What is your workspace like?
My current workspace is my retail shop in Williamsburg. I bounce back and forth between working with customers, and sitting behind the register or on the couch sketching or answering emails. It can be a bit hectic, but it’s an inspiring space, and I’m happy to be building out my in-store team to help out if I have to tend to other things.
How do you overcome moments of self-doubt?
Remembering that most things are temporary is always helpful for times when I feel stuck. And, just as quickly as something feels negative or stagnant, so too can it turn around. Good things can be just around the corner.
What is the hardest part about being your own boss?
At the moment, it’s remembering to take care of myself and not work around the clock. I also have a tendency to work on a million projects at the same time, and figuring out how to prioritize my tasks and my time is something I’m still learning how to balance.
How do you handle situations where you feel overwhelmed?
Anytime I start to feel really overwhelmed I try to do something relaxing to get myself feeling rested and recharged. I usually try to get a massage, or play some music, or just do something that uses an entirely different part of my brain so that I can give myself a mental break.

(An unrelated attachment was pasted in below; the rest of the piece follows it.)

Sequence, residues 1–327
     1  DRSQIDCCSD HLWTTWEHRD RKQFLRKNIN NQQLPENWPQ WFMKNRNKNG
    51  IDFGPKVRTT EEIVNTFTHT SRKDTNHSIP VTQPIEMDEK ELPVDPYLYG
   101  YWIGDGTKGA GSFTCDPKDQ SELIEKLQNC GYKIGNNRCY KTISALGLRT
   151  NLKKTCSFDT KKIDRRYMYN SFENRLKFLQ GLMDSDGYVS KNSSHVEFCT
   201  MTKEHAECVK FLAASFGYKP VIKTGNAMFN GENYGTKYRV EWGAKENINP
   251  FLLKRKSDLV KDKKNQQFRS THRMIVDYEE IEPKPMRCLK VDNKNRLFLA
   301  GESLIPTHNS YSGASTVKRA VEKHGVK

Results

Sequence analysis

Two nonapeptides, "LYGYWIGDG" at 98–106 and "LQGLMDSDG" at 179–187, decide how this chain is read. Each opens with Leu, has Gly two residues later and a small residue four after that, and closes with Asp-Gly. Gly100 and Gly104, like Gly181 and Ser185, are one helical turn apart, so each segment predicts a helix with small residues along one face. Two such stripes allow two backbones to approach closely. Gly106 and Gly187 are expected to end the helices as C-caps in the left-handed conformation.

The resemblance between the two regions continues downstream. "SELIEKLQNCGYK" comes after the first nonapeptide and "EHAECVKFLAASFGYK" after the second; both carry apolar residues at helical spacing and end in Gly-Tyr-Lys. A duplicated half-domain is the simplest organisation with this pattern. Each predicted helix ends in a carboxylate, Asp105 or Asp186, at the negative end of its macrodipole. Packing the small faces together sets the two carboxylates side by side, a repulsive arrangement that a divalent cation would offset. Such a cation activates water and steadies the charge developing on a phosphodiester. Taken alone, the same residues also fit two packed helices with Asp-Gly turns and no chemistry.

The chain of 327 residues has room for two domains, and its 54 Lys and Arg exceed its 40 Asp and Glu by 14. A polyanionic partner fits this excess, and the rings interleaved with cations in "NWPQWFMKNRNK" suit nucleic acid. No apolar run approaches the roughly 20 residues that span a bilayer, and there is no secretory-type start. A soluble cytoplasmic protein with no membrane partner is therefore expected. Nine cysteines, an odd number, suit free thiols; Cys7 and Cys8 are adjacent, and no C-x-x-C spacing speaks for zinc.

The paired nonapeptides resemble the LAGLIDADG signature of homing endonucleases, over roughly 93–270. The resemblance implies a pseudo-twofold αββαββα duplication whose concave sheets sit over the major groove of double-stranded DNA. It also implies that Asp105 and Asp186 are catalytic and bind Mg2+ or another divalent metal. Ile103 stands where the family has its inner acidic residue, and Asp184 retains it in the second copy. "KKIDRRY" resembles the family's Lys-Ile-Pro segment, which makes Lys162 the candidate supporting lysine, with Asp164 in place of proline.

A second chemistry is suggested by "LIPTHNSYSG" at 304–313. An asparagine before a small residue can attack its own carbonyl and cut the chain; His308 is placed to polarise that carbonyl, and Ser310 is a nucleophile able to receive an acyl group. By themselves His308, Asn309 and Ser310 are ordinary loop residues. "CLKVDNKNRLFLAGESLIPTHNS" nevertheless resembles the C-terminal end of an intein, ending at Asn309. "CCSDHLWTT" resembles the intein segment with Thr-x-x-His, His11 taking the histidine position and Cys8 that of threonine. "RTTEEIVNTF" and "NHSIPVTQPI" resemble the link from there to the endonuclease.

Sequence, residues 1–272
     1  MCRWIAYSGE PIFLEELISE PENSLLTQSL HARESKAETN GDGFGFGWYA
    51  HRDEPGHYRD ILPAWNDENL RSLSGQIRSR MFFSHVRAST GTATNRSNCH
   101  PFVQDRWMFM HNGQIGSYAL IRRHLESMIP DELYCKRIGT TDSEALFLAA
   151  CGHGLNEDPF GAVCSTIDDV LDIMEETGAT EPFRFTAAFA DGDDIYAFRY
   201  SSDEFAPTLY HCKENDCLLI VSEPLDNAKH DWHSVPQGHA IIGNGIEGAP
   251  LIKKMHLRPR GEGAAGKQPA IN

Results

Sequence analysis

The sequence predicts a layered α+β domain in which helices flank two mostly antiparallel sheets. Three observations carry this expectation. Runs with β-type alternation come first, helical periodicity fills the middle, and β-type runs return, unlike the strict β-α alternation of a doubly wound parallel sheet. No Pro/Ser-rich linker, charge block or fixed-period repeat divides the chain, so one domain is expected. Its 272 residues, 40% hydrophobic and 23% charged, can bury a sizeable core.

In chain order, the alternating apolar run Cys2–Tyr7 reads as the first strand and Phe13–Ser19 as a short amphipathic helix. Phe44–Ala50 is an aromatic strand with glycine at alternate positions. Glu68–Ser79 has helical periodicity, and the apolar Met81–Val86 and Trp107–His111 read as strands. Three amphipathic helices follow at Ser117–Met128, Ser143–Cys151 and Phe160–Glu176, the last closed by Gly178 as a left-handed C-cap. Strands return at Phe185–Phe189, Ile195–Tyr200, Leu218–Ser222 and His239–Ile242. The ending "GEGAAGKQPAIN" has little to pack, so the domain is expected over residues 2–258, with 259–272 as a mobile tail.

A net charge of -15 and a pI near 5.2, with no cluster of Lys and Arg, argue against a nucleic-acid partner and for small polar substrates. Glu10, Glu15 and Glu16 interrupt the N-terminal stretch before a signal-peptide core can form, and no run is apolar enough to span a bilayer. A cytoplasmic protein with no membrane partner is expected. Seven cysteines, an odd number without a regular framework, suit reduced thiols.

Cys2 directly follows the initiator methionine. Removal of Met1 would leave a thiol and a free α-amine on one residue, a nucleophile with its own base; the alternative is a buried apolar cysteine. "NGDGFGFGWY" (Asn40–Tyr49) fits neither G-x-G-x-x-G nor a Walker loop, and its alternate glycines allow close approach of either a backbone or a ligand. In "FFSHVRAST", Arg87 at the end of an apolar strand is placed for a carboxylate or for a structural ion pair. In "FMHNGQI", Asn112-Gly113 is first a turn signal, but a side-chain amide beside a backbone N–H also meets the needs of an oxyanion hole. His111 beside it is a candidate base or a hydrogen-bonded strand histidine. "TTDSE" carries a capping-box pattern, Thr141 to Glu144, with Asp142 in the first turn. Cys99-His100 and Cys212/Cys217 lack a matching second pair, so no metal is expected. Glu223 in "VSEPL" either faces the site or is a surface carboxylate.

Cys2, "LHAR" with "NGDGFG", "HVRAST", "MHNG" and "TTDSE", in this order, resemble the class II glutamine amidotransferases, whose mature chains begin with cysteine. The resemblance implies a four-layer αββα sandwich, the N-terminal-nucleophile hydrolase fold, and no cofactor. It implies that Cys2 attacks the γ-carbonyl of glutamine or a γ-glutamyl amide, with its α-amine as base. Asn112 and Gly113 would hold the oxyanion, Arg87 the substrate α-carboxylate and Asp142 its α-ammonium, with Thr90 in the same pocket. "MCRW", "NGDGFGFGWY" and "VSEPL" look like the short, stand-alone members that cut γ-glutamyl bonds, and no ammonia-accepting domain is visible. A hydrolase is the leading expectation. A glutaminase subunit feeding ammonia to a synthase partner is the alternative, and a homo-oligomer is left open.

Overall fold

What is your design process?
I do a lot of research in my sketching process. I usually start with either a specific style I want to develop, or even think about a detail or material I want to use, and then I just sketch. I sketch all sorts of versions and start with small thumbnails just to get my ideas out of my head and onto paper. I recently started using an iPad and stylus to draw, and it has totally revolutionized my sketching process.
How has your background helped you with Sylven?
My educational background was largely in Product Design, so thinking about an end user and being really practically minded set my foundation for design. It’s super helpful when making a consumer facing product like footwear. As far as work experience, I spent the better part of five years working for other small shoe brands, and it was super helpful to see how other companies operate and grow. Also, equally as helpful was learning a lot about how brands were doing things that I felt could be done differently.
What are some of your goals moving forward for Sylven New York?
I have so many! Some of the things I’m hoping to see this year include some celebrity clientele. I’d really love a dedicated press write up in a popular fashion publication. And I’m building out my wholesale division and would love to pick up a few great retailers this year.
What advice would you give to other women looking to create their own company?
If you’re working on something that you can give your whole heart, body, and soul to, then absolutely do it. Know that it’s going to be extremely taxing, and it might feel isolating at times, but it’s incredibly rewarding to watch your vision come to life, and it has the potential to be a huge source of motivation and happiness.
This interview has been lightly edited and condensed for clarity.